U.S.-French views of each other much improved as Hollande pays a visit
About six-in-ten Americans have a favorable view of France, much improved after tensions over Iraq in 2003.
As the White House prepares to host French President François Hollande for a state visit, the “freedom fries” era seems a distant memory. In 2003, angered by French opposition to the Iraq War, House leaders changed the name of French fries in three congressional cafeterias (French toast also became “freedom toast”).
A Pew Research Center poll conducted in 2003 highlighted France’s poor image among Americans at the time – just 29% gave France a favorable rating. A decade later, however, an updated survey conducted last year found twice as many (59%) expressing a positive view of the country Secretary of State John Kerry described last August as “our oldest ally.”
Still, partisan divisions linger. Two-thirds of Democrats give France a favorable rating, compared with six-in-ten independents and just half of Republicans. Among Tea Party supporters, only 39% have a positive view of France.
For their part, the French are much more positive about the U.S. than they were a decade ago. In 2013, 64% gave the U.S. a favorable rating, compared with only 42% back in 2003. President Obama, who will host Hollande for a state dinner tonight, is especially popular in France, where 83% express confidence in him. In contrast, just 20% had confidence in President George W. Bush in 2003.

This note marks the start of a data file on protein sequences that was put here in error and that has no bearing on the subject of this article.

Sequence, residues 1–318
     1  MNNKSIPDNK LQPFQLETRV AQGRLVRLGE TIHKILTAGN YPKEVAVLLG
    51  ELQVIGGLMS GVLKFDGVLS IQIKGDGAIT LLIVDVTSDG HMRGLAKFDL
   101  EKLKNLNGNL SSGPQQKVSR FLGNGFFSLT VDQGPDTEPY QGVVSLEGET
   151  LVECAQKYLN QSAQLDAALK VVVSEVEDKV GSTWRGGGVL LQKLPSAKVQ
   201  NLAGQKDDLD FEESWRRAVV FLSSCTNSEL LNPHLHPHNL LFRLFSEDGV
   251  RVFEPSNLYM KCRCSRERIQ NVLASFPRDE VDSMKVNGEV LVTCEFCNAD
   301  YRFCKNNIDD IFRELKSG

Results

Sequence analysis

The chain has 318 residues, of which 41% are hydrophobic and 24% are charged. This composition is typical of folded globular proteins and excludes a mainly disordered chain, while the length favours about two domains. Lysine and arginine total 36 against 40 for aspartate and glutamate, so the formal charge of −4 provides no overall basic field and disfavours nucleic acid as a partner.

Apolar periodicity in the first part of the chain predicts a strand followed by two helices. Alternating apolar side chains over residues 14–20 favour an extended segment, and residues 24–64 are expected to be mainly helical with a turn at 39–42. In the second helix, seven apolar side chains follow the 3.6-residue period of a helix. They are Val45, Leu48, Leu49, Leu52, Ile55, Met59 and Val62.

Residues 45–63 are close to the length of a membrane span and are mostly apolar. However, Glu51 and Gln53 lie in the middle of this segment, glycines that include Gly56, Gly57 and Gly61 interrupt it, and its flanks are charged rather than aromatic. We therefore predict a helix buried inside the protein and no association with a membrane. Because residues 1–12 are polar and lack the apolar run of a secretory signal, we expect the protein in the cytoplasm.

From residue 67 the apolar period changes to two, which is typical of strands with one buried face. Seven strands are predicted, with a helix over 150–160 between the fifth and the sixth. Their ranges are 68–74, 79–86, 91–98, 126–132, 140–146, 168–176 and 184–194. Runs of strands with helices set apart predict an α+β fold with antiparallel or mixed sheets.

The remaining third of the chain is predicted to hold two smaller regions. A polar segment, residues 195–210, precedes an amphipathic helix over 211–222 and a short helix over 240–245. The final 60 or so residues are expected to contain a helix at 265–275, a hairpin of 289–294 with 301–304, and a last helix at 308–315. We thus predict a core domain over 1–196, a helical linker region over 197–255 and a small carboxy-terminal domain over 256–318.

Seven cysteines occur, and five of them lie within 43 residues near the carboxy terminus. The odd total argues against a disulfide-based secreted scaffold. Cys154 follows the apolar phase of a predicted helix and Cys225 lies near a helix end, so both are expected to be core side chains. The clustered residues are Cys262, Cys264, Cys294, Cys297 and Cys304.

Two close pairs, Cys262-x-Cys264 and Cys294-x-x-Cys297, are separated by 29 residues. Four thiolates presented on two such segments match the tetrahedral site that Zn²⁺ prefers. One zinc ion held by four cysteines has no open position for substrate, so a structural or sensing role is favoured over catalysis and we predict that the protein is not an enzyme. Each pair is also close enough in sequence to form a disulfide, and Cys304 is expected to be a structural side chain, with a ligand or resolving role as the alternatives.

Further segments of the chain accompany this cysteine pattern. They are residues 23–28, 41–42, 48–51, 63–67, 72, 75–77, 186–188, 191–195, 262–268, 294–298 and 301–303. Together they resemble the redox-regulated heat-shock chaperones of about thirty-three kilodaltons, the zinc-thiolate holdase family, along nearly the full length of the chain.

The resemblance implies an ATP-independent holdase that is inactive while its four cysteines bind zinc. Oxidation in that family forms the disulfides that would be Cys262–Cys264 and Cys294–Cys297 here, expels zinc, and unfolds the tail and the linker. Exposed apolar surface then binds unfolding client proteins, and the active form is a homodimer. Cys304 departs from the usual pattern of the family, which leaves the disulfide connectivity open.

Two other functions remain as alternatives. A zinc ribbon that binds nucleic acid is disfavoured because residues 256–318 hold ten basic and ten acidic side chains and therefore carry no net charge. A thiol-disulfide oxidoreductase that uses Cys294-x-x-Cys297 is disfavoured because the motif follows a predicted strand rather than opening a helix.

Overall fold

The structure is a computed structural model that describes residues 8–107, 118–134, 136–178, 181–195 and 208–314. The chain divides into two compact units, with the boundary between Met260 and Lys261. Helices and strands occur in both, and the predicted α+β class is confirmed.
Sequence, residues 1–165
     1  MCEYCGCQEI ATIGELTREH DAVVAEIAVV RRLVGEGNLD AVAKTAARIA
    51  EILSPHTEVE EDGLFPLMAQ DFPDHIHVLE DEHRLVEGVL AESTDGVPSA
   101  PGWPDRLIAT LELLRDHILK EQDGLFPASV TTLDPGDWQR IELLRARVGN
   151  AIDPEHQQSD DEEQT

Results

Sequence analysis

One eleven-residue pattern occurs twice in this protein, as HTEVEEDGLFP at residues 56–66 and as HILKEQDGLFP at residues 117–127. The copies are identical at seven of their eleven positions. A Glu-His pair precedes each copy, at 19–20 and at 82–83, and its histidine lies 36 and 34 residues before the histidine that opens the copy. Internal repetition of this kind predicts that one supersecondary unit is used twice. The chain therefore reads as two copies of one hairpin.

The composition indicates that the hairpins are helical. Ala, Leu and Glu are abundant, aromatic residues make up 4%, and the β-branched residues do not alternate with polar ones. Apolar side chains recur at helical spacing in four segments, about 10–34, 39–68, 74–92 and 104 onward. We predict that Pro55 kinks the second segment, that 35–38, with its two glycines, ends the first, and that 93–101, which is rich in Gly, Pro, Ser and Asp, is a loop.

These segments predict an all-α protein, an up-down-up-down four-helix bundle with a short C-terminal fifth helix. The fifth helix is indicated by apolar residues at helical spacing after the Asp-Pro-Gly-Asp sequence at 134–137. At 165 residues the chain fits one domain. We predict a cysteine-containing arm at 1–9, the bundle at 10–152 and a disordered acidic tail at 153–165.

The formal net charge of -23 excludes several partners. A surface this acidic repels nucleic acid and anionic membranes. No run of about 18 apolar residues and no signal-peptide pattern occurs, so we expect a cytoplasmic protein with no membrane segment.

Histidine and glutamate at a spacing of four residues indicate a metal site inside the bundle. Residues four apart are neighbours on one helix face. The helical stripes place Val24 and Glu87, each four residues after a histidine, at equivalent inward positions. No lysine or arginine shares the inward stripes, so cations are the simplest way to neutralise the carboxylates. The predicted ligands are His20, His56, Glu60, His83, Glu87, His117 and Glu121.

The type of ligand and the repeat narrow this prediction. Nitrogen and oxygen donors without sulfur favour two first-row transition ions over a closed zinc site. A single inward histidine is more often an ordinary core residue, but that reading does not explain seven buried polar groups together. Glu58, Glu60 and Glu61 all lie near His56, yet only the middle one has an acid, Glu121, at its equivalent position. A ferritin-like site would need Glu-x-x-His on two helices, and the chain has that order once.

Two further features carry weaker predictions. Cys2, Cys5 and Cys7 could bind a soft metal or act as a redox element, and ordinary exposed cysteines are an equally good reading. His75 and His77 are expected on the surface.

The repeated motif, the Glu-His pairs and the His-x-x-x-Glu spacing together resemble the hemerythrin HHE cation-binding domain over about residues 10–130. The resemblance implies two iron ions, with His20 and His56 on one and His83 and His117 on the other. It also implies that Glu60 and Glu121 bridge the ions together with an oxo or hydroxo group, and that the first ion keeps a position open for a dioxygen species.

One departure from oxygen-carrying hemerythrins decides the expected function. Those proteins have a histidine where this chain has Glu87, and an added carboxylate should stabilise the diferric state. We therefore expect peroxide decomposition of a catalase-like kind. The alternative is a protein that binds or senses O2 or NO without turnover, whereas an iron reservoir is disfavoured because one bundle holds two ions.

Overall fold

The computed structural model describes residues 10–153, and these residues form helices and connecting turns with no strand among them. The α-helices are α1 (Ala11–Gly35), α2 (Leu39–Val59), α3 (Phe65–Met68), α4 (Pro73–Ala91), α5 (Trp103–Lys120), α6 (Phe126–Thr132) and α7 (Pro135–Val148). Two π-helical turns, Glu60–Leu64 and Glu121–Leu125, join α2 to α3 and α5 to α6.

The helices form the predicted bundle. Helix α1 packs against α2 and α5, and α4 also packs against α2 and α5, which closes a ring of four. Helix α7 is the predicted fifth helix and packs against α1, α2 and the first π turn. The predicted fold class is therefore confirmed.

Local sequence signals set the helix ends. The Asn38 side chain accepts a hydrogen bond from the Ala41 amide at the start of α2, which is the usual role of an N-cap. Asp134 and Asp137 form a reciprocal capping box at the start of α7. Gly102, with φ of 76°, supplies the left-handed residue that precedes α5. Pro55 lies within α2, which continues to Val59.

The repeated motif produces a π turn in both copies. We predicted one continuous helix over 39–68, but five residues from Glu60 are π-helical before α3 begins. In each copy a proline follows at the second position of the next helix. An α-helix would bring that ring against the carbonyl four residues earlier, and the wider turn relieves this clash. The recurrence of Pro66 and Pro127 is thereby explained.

The state visit takes place as Hollande deals with scandal in his private life. The French president recently separated from partner Valerie Trierweiler, following allegations that he had an affair with actress Julie Gayet. This may be less of a problem for Hollande than it would be for politicians elsewhere, however, since the French are less troubled by infidelity than others around the world. In a 39-nation 2013 Pew Research poll, France was the only country in which less than half said affairs are unacceptable.
Category: Daily Number
Richard Wike is director of global attitudes research at Pew Research Center.